The depiction of the earth conceived by Homer, which was accepted by the early Greeks, represents a circular flat disk surrounded by a constantly moving stream of Ocean (Brown, 22), an idea which would be suggested by the appearance of the horizon as it is seen from a mountaintop or from a seacoast. Homer's knowledge of the Earth was very limited. He and his Greek contemporaries knew very little of the earth beyond Egypt as far south as the Libyan desert, the south-west coast of Asia Minor, and the northern boundary of the Greek homeland. Furthermore, the coast of the Black Sea was only known through myths and legends that circulated during his time. In his poems there is no mention of Europe and Asia as geographical concepts (Thompson, 21), and no mention of the Phoenicians either (Thompson, 40). This seems strange if we recall that the origin of the name Oceanus, a term used by Homer in his poems, belonged to the Phoenicians (Thomson, 27). That is why the big part of Homer's world that is portrayed on this interpretive map represents lands that border on the Aegean Sea. It is worth noting that even though Greeks believed that they were in the middle of the earth, they also thought that the edges of the world's disk were inhabited by savage, monstrous barbarians and strange animals and monsters; Homer's Odyssey mentions a great many of them.

Additional statements about ancient geography may be found in Hesiod's poems, probably written during the 8th century BCE (Kirsh, 1). Through the lyrics of Works and Days and Theogony he shows to his contemporaries some definite geographical knowledge. He introduces the names of such rivers as Nile, Ister (Danube), the shores of the Bosporus, and the Euxine (Black Sea), the coast of Gaul, the island of Sicily, and a few other regions and rivers (Keane, 6–7). His advanced geographical knowledge not only had predated Greek colonial expansions, but also was used in the earliest Greek world maps, produced by Greek mapmakers such as Anaximander and Hecataeus of Miletus.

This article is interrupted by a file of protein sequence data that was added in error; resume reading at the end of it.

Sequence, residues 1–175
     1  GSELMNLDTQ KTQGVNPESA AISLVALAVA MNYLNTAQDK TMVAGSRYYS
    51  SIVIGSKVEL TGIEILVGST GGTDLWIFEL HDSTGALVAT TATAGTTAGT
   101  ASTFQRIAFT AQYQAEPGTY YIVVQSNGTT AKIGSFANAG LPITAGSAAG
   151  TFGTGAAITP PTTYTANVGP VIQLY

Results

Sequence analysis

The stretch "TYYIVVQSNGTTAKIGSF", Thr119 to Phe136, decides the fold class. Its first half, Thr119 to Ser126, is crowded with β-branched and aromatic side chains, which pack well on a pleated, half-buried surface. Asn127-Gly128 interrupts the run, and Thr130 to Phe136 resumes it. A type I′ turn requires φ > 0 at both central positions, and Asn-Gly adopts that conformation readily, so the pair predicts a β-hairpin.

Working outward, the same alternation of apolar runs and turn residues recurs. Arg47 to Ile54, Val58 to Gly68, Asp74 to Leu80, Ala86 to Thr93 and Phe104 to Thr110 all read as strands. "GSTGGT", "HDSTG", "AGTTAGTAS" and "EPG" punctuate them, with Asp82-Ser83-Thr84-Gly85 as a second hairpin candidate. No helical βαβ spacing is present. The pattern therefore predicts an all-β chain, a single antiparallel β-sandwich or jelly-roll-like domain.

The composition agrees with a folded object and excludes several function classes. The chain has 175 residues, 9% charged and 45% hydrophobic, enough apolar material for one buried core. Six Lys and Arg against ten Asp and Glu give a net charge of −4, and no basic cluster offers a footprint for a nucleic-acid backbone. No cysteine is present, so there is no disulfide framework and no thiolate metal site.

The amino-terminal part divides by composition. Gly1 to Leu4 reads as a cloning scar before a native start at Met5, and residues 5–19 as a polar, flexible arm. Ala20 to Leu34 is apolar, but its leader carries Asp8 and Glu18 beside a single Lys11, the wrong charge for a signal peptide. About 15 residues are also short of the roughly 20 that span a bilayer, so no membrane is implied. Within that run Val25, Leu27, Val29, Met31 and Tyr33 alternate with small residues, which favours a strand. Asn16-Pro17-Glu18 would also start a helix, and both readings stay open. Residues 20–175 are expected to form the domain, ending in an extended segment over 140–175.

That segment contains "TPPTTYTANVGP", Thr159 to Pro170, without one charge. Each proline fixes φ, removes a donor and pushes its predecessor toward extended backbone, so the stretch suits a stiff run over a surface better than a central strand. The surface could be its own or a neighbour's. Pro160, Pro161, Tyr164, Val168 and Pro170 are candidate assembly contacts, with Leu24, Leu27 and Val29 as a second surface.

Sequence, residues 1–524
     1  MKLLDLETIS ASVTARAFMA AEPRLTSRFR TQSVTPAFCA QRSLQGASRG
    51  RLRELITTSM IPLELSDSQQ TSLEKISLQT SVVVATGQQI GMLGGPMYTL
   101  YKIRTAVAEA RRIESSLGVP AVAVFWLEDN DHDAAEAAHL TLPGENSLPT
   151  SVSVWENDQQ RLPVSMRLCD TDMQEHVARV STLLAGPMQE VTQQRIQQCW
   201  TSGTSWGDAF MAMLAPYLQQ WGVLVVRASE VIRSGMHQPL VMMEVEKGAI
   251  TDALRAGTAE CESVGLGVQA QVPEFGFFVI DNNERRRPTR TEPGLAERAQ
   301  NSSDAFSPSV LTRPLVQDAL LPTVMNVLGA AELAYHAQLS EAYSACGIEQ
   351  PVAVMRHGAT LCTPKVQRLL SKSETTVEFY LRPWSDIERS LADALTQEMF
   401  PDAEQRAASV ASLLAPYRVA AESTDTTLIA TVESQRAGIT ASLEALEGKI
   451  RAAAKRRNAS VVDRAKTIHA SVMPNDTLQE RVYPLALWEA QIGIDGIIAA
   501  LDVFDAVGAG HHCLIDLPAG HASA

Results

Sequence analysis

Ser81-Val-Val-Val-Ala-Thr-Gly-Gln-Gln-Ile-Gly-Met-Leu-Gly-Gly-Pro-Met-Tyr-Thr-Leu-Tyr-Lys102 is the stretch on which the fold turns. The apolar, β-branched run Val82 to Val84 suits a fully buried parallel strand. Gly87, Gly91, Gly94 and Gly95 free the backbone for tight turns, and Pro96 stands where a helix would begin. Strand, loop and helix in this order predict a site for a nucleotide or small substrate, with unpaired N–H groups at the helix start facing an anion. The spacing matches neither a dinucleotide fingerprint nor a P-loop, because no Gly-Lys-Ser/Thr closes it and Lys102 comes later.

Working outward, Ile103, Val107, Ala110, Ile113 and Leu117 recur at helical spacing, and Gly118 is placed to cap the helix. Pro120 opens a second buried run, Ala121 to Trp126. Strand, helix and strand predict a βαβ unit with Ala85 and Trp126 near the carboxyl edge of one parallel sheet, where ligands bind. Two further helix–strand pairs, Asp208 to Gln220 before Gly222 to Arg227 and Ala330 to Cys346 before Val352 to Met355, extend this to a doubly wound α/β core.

Early Greek maps
In classical antiquity, maps were drawn by Anaximander, Hecataeus of Miletus, Herodotus, Eratosthenes, and Ptolemy using both observations by explorers and a mathematical approach.

Early steps in the development of intellectual thought in ancient Greece belonged to Ionians from their well-known city of Miletus in Asia Minor. Miletus was placed favourably to absorb aspects of Babylonian knowledge and to profit from the expanding commerce of the Mediterranean. The earliest ancient Greek who is said to have constructed a map of the world is Anaximander of Miletus (c.?611–546 BCE), pupil of Thales. He believed that the earth was a cylindrical form, like a stone pillar and suspended in space.[12] The inhabited part of his world was circular, disk-shaped, and presumably located on the upper surface of the cylinder (Brown, 24).